Stewart Kirkpatrick – Content Marketing Director
Stewart is Scotland’s leading content consultant, working for the Scottish Government on major projects. He was editor of scotsman.com from 2000 to 2007. In that time traffic increased ten-fold to 4 million unique users a month. The site became one of Google News’s top 30 worldwide news sources and was identified by Media Week as the sixth biggest news site in the UK. scotsman.com won the Newspaper Society’s New Media Award for Best Daily Newspaper Site in 2002, 2003 and 2006 and was shortlisted for numerous national and international journalism awards. Last year, Stewart, a member of the international committee of the Online News Association, was named as one of “the top 50 people shaping online journalism” by UK Press Gazette.

Tony Purcell – Online Strategy and Research Director
Tony is a pioneer of the Internet industry in Scotland and a serial entrepreneur. He founded Communicata in 1995, a company specialising in web application development. Along with developing web applications, the company produced promotional websites for a number of large corporates including Sony, Scottish & Newcastle, The WM Company, Newcastle United Football Club, General Accident and the SQA. In 1999 the company was listed in Oracle’s top 50 list of e-business solutions providers worldwide. In 2001 Tony founded CIVIC with Graham Jones which went on to become the leading digital agency in Scotland. CIVIC provides a wide range of web services to the public sector in Scotland and is a supplier to the Scottish Government. Tony is also a business mentor and represents the interactive industry on the Scottish Skillset industry panel.

Dr Graham Jones – Client Services & Planning Director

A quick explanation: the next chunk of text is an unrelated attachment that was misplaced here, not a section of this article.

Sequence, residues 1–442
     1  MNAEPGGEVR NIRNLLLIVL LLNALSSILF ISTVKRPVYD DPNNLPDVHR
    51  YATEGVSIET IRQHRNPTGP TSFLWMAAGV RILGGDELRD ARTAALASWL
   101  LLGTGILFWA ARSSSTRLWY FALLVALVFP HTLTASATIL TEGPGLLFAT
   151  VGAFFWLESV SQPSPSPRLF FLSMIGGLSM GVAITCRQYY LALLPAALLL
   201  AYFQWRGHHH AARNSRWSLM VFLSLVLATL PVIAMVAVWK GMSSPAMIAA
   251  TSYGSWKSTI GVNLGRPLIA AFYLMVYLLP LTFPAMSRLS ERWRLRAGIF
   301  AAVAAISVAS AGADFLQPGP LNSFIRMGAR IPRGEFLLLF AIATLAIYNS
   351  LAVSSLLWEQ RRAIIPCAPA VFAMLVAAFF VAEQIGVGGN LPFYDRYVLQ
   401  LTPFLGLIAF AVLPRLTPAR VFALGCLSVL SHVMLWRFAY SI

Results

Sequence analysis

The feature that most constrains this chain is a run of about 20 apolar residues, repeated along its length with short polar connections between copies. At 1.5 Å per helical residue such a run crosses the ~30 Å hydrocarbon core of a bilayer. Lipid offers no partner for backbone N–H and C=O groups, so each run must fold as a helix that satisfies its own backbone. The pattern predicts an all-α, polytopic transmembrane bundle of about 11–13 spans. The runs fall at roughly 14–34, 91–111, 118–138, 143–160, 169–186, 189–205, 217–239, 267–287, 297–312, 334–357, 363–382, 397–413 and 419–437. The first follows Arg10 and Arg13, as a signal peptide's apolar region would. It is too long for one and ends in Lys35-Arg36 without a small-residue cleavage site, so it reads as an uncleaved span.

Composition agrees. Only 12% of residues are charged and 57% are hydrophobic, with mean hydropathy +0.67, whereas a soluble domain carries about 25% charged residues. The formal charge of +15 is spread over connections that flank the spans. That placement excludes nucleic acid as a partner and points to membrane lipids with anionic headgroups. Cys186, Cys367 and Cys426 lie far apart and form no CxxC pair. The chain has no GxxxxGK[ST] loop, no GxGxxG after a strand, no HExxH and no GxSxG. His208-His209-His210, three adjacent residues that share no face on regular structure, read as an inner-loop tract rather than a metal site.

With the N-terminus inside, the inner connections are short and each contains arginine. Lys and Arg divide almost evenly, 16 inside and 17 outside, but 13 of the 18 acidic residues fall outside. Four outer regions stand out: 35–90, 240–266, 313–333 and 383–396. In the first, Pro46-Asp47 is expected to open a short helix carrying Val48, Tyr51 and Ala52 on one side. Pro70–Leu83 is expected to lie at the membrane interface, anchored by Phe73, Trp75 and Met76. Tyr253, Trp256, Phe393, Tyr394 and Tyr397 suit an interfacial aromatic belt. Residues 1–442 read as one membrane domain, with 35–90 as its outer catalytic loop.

Graham was Managing Director of CIVIC, Scotland’s fastest growing Online Communications Agency from its inception, in August 2001 to Nov 2007. In this time the business grew from an initial £0.5m and 7 staff to £2m with a staff of 28 people. His responsibilities throughout this period were to provide the strategic vision and direction to meet the needs of a dynamic and rapidly growing marketplace. His responsibilities also included Client & project Management, contractual negotiations, managing legal risk, business development and marketing of the agency. He was successful in establishing a reputation for credibility and industry expertise with clients to the extent that CIVIC became trusted suppliers to the Scottish Government. Graham has also worked for 7 years in the software industry, 5 years at Edinburgh University as Research Associate & 4 years as a Management Accountant.

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5 Responses

  1. […] I’d also like to point out highlight of this section from Sterwart’s email: This has entailed writing my first ever press release, something I did not enjoy – probably because I’ve chucked thousands in the bin over the years. Enjoy it (and my discomfiture) here: http://www.w00tonomy.com/2008/02/28/w00tonomy-and-scotlands-digital-deficit/ […]

  2. Congratulations chaps.

    Best of luck.

    Remember http://www.planetinkltd.co.uk if you are looking for any marketing materials or digi-mags along the way!

    Onwards and upwards…

    Shaun

  3. All the very best of success with your new venture.

  4. How very, very interesting. Sounds like a genuinely interesting (and different) proposition.

    A great concept.

    w00

    Mark

  5. Guys, good luck with this. I was going to post something similar up at my own site until I met with a minor tech disaster, but the point is this: Scotland is in the digital dustbin right now.

    When you point out how far behind it is, I think you are actually being far too polite. The mass media are failing to embrace digital as a means of information syndication, private companies are seeing little to no benefits and those who are spending money on digital stunts or material seems to be sending their cash south of the border.

    Hopefully you guys will be seen as vanguards in a coming revolution but I’m starting to feel that mass-market consumer Scotland doesn’t really care for the technology and the benefits that it can bring past some cheap shopping.